Engineered projects need their bevels to be precise, which should not be necessary for your home projects. A bevel of 45 degrees will be more than okay. It is halfway between horizontal and vertical.

Your bevel does not have to be that deep. Calculate how much dept the welder can penetrate. Leave that portion unbeveled with your grinder. For instance, if the welder penetrates a maximum of 3/16 inches, you will leave 3/16 without beveling.

Step 3: Open Vs. Closed Joints

Here is the third part of how to clean and prepare metal for TIG welding. When pushing two metal pieces to make contact between them, the joint will become closed. It is good for thin metals but not for thicker ones. For a strong joint, you should lay out an open one before welding.

Open joints have a small distance between the metal pieces you will weld. The gap is less than the filler rod’s thickness. You need it to let the rod penetrate.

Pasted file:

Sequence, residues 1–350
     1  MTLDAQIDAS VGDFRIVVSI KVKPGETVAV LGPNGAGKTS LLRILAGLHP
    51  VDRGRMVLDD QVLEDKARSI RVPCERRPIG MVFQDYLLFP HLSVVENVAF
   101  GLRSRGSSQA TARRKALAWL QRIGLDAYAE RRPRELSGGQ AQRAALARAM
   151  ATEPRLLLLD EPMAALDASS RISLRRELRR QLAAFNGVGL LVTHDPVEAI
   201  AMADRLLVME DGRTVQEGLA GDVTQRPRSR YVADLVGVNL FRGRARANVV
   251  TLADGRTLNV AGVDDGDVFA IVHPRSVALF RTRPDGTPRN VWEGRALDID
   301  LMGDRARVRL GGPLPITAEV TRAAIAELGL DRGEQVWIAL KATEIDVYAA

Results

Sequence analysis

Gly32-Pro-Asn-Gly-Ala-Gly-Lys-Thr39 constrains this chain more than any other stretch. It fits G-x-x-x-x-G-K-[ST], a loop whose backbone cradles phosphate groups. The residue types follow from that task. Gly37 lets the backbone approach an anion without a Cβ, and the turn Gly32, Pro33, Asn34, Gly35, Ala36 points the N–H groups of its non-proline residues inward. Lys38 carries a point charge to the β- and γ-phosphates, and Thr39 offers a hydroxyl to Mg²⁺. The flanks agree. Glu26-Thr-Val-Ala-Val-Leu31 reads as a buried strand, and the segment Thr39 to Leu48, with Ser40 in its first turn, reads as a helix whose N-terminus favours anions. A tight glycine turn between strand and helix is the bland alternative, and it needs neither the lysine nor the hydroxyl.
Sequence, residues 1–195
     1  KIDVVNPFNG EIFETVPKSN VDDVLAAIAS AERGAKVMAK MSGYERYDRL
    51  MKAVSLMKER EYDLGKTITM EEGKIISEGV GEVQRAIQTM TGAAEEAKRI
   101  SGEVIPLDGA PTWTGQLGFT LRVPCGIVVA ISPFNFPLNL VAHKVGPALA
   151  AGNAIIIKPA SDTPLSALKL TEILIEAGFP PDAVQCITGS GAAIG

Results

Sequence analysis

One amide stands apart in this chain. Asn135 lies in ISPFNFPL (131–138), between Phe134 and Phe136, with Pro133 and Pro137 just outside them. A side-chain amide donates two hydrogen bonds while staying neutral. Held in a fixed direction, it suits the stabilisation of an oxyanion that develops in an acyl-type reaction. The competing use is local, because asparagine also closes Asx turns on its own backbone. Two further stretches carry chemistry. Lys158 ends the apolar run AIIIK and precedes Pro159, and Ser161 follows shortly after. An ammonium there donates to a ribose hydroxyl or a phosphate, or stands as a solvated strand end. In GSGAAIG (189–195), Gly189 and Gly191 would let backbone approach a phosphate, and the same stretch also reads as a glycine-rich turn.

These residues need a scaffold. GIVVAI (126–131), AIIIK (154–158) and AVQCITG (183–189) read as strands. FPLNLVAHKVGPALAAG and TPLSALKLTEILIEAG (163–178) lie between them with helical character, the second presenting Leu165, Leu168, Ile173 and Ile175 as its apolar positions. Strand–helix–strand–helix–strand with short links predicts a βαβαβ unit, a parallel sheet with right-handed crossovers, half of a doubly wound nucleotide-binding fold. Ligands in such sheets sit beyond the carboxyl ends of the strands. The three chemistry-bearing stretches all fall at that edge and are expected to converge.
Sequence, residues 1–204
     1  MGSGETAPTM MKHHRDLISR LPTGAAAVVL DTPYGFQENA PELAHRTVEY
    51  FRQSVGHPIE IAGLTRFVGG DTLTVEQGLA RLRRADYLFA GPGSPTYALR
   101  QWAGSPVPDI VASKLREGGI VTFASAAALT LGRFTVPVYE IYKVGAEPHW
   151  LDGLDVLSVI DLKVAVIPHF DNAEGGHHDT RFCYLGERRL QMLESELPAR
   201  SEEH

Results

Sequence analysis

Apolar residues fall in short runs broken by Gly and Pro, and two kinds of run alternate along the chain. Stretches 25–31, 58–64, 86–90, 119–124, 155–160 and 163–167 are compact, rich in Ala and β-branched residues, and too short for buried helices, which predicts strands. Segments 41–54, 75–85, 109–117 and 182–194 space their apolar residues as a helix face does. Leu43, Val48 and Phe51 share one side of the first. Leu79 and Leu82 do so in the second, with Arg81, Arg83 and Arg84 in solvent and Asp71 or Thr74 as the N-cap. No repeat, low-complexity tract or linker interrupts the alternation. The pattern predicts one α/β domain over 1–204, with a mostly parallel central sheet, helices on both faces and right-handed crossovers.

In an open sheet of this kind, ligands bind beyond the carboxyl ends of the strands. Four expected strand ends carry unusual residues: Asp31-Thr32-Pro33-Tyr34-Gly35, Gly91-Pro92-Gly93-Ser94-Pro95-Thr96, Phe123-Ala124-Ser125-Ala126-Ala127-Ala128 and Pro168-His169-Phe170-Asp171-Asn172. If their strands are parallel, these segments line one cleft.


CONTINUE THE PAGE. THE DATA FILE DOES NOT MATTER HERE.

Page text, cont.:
An open joint is trickier on its corners. You need to handle them carefully. For a corner joint, touch the edges inside to leave the gap V-shaped. The gap works as a bevel for the user to fill with beads. You have to run beads inside the corner after filling outside for even stronger ones.

Final Words

If you have finished cleaning the metal, beveling the joint, and laying things out, you can finally start TIG welding. The process may seem time and labor-consuming, but it is critical to get the best weld. Skipping steps will make you pay in the long run, not to mention that it is subject to slag inclusion, breaking, and porosity.

Now, enough of learning how to clean and prepare metal for TIG welding. I hope, when it is time to act on it, you do it like a champ!